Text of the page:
Dana E. Aspinall, Ed.
The Taming of the Shrew: Critical Essays
New York: Routledge, 2002. xi+387p.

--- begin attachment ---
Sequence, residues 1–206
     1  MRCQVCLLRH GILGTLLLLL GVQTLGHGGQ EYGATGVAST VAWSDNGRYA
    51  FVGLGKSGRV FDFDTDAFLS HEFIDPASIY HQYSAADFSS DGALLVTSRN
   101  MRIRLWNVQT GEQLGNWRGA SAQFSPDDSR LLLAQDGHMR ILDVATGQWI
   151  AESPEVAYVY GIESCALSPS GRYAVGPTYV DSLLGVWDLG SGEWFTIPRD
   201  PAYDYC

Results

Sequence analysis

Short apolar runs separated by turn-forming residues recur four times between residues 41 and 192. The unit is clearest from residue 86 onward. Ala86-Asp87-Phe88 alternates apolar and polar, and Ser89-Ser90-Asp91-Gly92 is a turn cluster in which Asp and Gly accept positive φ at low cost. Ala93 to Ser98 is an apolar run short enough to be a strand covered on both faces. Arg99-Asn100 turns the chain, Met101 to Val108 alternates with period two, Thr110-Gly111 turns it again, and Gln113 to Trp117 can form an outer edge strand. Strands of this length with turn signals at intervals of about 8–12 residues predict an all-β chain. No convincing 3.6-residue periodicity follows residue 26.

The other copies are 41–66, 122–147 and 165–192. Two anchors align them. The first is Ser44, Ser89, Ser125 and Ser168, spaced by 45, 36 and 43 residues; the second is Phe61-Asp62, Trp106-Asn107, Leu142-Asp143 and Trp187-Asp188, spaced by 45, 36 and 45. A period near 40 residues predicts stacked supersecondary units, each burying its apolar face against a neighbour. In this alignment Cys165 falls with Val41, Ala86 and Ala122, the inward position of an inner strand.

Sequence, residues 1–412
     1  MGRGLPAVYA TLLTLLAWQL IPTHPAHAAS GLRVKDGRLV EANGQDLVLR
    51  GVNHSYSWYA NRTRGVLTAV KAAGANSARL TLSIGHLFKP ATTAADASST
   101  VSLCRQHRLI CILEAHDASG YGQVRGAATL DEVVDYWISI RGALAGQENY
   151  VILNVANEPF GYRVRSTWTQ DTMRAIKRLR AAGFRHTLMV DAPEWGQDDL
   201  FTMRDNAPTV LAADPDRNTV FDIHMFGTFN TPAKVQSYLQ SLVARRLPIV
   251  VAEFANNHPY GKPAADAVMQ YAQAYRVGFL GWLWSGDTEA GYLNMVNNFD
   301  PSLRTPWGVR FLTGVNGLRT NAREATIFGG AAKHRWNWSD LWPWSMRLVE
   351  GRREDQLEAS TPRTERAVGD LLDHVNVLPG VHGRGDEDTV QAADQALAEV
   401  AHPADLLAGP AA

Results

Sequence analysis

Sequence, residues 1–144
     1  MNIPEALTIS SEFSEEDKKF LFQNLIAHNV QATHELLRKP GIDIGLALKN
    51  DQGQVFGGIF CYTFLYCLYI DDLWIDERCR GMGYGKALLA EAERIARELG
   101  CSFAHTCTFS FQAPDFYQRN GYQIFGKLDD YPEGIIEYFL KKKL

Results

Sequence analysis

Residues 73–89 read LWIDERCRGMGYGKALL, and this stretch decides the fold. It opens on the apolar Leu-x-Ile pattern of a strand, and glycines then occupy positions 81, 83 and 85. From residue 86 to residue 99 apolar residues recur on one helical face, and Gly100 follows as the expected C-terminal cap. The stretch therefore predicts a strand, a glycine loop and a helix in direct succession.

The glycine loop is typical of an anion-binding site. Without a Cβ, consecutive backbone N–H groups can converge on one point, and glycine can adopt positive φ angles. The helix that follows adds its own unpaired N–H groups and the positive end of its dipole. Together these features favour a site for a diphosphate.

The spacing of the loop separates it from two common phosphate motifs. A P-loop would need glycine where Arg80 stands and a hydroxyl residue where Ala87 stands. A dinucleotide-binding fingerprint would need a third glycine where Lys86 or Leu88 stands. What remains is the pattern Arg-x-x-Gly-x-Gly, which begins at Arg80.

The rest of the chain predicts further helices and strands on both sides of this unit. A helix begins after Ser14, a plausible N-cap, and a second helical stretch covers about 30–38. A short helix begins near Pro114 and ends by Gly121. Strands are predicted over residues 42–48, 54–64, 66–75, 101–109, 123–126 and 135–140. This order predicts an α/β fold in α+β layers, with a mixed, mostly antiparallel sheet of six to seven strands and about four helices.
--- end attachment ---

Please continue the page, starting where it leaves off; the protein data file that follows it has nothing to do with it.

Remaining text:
As might be expected from a book of essays on what is arguably Shakespeare's most provocative study of sexual politics, the main focus of the readings presented here is gender. The collection is divided into three parts: a survey of the play's critical history from the book's editor, a collection of reprinted critical essays, and a section on the play in performance, on stage, and in film and television. Aspinall's introductory essay is a useful overview of the play's early textual and stage history, although the scholarship is not cutting-edge: Joseph Quincy Adams's edition of Henry Herbert's records, cited by Aspinall, has been superseded by N. W. Bawcutt's (Oxford, 1996). Also, the introduction rather skimps on the twentieth century, giving it just two pages. Of course, the rest of the book fleshes out the twentieth-century responses, but there is still a gap since almost every essay reproduced in this anthology is post-1980. Although it would have been interesting to see a range of decades represented it might be objected that this is not the remit of the series which, as the general editor makes clear, seeks to provide "new essays" (p. ix) on a particular Shakespeare play or poem, although the essays here are not "new" in the sense of 'specially commissioned' but were gathered from other publications. Thus it is difficult to know who this book is directed towards, since being available only in hardback it will not be bought by students and at this price most scholars were better to acquire offprints of the essays as they originally appeared in their respective journals.